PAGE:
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AMs to vote on fines for parents of repeated truants

Assembly Members are tonight voting on whether the parents of children who consistently miss school should be fined. The Education Minister says the £60 penalty for truancy will only be used in the worst cases. But the opposition parties say it won't work.

The government 's expected to win the vote tonight, despite calls to replace the fines with more positive measures to encourage parents to send their children to school.

Owain Phillips reports.

Fixed penalties for parents of truants will 'hit morale'

Fixed penalties for parents of persistent truants will "hit morale" according National Union of Teachers (NUT) in Wales.

Assembly Members will debate the detail of plans this afternoon, before voting this evening.

Under the plans, parents would be fined £60 if their children play truant, rising to £120 if the fine is not paid within 28 days.

But Owen Hathway, Policy Officer at NUT Wales, has warned against fixed penalties being introduced.

"We know that the best way to tackle truancy and long term absenteeism is to have a healthy relationship between the parent and the school," he said.

"Our concern is that if you start introducing truancy fines, there's going to be a breakdown in that relationship and it's going to be even harder to engage families in this issue.

"We often know as well that many parents are trying their very best to bring children to school and they're trying every initiative they can.

"If you start fining them it's going to hit the morale of those parents; it's going to hit their engagement with schools and it's going to cause perhaps even greater problems."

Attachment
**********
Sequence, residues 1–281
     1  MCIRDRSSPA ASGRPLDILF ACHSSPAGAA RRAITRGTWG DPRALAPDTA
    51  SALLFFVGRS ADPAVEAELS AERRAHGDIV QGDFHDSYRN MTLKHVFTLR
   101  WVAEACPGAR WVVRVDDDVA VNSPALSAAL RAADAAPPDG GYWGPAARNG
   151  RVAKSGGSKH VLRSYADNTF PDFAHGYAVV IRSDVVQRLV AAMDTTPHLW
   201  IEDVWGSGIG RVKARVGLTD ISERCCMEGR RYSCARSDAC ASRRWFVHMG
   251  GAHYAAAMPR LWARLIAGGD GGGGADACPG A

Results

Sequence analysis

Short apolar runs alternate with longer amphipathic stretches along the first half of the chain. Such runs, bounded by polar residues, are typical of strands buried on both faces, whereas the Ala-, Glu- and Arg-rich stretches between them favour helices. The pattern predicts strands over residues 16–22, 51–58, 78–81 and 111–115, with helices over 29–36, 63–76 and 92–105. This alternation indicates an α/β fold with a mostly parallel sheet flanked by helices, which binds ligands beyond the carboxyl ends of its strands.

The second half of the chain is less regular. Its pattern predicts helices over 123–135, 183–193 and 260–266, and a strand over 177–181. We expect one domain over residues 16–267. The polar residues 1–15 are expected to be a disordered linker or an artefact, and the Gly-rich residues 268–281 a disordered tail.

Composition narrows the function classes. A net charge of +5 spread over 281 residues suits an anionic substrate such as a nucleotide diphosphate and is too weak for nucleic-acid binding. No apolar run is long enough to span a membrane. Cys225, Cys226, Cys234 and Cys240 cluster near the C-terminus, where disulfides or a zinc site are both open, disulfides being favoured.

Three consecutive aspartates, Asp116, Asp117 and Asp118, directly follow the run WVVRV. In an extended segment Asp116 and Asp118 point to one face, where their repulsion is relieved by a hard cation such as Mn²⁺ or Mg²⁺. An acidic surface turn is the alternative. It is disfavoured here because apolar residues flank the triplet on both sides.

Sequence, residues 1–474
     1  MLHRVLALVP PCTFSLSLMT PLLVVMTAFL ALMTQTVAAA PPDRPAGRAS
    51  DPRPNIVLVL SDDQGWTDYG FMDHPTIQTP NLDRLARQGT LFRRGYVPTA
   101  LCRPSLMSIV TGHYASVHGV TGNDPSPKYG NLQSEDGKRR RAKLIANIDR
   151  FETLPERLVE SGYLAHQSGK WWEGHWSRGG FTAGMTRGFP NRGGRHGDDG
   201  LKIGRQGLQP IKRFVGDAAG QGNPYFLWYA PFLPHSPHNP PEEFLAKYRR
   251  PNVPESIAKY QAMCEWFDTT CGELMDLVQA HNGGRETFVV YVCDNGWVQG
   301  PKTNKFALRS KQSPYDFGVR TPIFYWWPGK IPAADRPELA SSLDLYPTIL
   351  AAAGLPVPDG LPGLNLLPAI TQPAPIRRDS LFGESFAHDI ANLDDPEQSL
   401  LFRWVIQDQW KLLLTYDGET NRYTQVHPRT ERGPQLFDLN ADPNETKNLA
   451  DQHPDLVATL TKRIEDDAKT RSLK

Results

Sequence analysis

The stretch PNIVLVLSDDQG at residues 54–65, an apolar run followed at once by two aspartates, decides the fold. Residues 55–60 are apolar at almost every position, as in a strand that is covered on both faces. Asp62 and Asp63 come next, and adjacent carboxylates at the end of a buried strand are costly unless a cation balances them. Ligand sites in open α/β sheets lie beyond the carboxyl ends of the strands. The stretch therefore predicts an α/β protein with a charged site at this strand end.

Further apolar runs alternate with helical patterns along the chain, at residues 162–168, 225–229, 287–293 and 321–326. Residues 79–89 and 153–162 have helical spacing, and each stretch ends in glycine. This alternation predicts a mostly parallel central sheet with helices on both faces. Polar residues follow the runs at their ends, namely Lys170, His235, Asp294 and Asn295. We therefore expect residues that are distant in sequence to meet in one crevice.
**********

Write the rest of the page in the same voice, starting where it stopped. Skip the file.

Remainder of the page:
Tories fear truancy fines will hit most vulnerable

This is a lazy Labour government piling all its eggs into a basket of punishment – at the expense of support and liaison.

There is a real danger that these fines will hit the most vulnerable hardest and ignore the real reasons behind truancy.

I fear fines will stack up while behaviour remains largely unchanged.

Low school attendance can have a hugely detrimental impact upon a child and Labour Ministers should be working hard to tackle the problem at its root causes.

– Angela Burns AM, Shadow Education Minister

Truancy fines condemned as backwards step

They have not worked when they were introduced in England. The Education Minister needs to state where any money raised will go.

A Plaid Cymru Government would consider approaches such as the use of home school liaison officers to tackle absenteeism, so policies support pupils and their families, rather than penalise them by fining them. There is a correlation between areas of high deprivation and high levels of absenteeism.

– Simon Thomas AM, Plaid Cymru Education spokesman

Go-ahead for plan to fine parents over truancy

The Welsh Government wants to introduce fixed penalty notices for persistent truancy from 1 September.

It has published responses to a consultation which ended in February.

Education Minister Leighton Andrews put forward last November his plan for fines of up to £60 for the parents of children who regularly miss school, rising to £120 if not paid within a month.


62 prosecutions for truancy in RCT since September

62 parents or guardians have been prosecuted in Rhondda Cynon Taf since September for allowing their children to miss school.

The council says that between the start of the academic year in September 2012 and April 2013, those parents and guardians had to pay more than £19,000 in fines, costs and surcharges, in its crackdown on truancy.

It says that a child who misses ten school days per year will have missed almost a whole year of education by the time they reach 16.

Pupils are expected to attend school for a total of 11 years, but the average pupil in Rhondda Cynon Taf only attends for ten.